“In my 20s and 30s I was having a hard time with my Italian identity. I really didn’t want to be defined by it and I wasn’t really too interested in it. Now as I get older I’m more and more interested in the history of Italians in Montreal and more appreciative of my heritage. But it took me a long time to actually cop to the fact I was Italian.”
Part of Galluccio’s love/hate relationship with the Italian community in Montreal has to do with what he feels is the unnecessary fragmentation within that community.
“I don’t know where the Italian community is,” he said. “I know that it’s in Little Italy but I don’t know what’s going on half of the time. Everybody seems to have an agenda. I’m very grassroots. I’ve been asked a couple of times to do something and it was never very clear as to why this was being done or what was going on. There always seemed to be another agenda going on.”
But he is always willing to chip in if asked … as he did this past summer at La Settimana Italiana where he participated in a roundtable discussion on the fate of Little Italy.
“La Settimana Italiana was really cool,” he said. “I get involved to that capacity. Someone asks and I’ll be there. I do it with great pleasure.”
While Galluccio says the Italian community has been supportive of him in terms of going to see his plays and movies, he chides them when it comes to supporting the arts in general – and when the artists really need that support.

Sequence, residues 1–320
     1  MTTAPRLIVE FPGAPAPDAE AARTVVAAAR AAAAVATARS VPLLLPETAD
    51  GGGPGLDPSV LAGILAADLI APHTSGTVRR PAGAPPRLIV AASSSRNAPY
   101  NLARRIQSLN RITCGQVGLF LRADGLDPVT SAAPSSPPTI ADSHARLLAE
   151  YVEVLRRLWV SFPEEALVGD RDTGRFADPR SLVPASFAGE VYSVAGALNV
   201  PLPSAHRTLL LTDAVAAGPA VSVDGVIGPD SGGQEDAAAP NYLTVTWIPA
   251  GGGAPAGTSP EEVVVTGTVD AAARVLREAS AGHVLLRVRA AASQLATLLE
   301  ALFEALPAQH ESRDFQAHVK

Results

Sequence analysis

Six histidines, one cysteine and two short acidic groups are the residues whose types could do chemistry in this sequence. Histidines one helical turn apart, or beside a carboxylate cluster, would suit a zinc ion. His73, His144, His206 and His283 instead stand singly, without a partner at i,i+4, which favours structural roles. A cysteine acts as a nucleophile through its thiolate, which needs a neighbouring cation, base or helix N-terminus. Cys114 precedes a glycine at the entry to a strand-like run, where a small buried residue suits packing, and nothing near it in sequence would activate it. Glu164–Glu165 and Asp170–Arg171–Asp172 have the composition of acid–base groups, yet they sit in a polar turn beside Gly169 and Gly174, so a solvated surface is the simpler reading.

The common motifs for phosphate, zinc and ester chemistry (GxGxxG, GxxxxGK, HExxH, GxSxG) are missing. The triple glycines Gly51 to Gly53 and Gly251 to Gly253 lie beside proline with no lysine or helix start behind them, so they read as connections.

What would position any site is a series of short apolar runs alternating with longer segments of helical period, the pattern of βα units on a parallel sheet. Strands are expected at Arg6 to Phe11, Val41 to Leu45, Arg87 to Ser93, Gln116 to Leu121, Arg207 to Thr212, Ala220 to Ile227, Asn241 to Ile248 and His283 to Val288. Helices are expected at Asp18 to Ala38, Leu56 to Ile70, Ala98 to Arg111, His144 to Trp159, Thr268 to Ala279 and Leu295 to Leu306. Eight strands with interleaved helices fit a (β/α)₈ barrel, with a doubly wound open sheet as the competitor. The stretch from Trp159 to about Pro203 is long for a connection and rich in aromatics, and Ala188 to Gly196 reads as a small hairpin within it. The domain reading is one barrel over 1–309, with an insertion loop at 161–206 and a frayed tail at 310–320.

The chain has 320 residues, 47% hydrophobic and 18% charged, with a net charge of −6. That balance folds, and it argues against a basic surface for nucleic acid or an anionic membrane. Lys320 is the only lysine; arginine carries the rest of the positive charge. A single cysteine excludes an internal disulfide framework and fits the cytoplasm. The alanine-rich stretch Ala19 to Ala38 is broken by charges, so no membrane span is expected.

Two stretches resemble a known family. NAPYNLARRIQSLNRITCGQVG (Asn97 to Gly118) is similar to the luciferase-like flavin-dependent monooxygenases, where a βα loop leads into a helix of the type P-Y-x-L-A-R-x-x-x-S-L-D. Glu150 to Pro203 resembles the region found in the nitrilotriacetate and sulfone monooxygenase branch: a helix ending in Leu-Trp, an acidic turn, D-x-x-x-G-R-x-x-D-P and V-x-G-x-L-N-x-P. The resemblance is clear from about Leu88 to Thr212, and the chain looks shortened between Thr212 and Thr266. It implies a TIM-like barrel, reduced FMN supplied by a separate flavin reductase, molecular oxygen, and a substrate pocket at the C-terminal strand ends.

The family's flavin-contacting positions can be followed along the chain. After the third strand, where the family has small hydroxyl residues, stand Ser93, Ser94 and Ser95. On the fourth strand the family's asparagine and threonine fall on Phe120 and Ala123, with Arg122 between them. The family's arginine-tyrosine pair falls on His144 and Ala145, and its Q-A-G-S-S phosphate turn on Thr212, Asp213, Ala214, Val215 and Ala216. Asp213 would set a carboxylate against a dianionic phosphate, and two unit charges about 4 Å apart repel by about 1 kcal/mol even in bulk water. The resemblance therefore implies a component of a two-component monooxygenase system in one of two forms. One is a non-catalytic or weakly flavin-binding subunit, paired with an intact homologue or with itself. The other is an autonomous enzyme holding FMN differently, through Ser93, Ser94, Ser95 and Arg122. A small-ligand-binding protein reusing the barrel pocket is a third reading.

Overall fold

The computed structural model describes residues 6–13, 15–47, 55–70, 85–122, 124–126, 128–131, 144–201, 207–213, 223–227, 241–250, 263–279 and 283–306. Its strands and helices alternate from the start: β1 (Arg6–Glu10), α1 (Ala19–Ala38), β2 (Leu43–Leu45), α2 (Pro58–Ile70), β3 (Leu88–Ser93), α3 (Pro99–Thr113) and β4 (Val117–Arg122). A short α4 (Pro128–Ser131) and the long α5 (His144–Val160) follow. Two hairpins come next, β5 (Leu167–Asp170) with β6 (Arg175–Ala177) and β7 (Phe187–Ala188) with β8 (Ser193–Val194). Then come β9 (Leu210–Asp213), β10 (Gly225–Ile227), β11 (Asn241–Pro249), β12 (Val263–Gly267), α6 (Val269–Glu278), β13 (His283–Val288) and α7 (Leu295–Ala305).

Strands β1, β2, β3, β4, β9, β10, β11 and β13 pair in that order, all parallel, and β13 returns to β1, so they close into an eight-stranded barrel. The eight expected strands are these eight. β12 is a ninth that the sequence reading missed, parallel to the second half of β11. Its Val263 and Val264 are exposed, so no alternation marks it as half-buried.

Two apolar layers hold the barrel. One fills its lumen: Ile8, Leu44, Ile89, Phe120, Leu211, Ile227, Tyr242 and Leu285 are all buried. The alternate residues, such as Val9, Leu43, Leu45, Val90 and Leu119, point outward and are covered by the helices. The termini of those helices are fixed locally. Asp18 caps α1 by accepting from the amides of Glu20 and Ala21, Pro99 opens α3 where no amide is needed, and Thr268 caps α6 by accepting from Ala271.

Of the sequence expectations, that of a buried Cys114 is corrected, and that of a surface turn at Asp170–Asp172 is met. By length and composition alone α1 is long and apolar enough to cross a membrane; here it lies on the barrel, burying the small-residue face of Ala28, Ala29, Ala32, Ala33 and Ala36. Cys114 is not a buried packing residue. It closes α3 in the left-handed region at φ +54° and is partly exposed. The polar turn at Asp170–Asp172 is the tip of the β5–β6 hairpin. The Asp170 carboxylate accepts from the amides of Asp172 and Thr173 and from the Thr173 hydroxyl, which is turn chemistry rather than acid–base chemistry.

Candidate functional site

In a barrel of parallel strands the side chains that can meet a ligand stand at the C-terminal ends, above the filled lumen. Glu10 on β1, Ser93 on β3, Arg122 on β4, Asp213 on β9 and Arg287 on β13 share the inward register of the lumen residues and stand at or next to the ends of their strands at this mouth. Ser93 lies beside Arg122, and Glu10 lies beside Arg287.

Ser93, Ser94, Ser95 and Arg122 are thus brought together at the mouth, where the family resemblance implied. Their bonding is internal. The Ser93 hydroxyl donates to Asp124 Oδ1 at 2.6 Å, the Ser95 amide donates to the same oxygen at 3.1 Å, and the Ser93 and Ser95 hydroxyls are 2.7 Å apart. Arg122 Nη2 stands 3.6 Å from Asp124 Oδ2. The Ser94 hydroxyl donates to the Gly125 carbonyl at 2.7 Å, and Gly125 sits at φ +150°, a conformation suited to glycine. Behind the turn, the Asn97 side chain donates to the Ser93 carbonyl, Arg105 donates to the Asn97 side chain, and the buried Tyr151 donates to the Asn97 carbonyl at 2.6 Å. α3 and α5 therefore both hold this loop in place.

“During the making of Mambo, when we asked for some Italian sponsorship,” he said, “we got nothing. Afterwards, after its success, they wanted to give us money. But then it was like: ‘It’s too late now. You know, it’s like we asked for some money before.’ Actually, we did get some support in St. Leonard. This guy owned a hall and he gave us his hall. Gave us a bunch of stuff. So we filmed in his house. That was very supportive.”
Galluccio has benefitted greatly from the fact he is perfectly bilingual and writes in both English and French. In fact, even before Mambo was a hit at the Centaur Theatre, a French version had already paved the way, thanks to a translation by Michel Tremblay. Now, with In Piazza San Domenico, the English version at Centaur will be followed next year by a French version, again translated by Tremblay.
“I know where it is going to be done,” he said, “but I can’t say anything yet. It’s going to be big though.”
Meanwhile, Galluccio intends on keeping busy. Aside from preparing for the release of Funkytown in the summer of 2010, he has several projects on the go, including the possibility of Mambo being done as a musical Off-Broadway, and a TV series in the works about an Italian family. This is one writer who prides himself on making a living from his writing and he wants to keep it that way.
Michael Mirolla is a freelance journalist and writer, currently editor at Roverarts.com, a web site covering the Montreal arts scene.
He is also associate editor at Accenti.
First published in Accenti Magazine, Issue 17.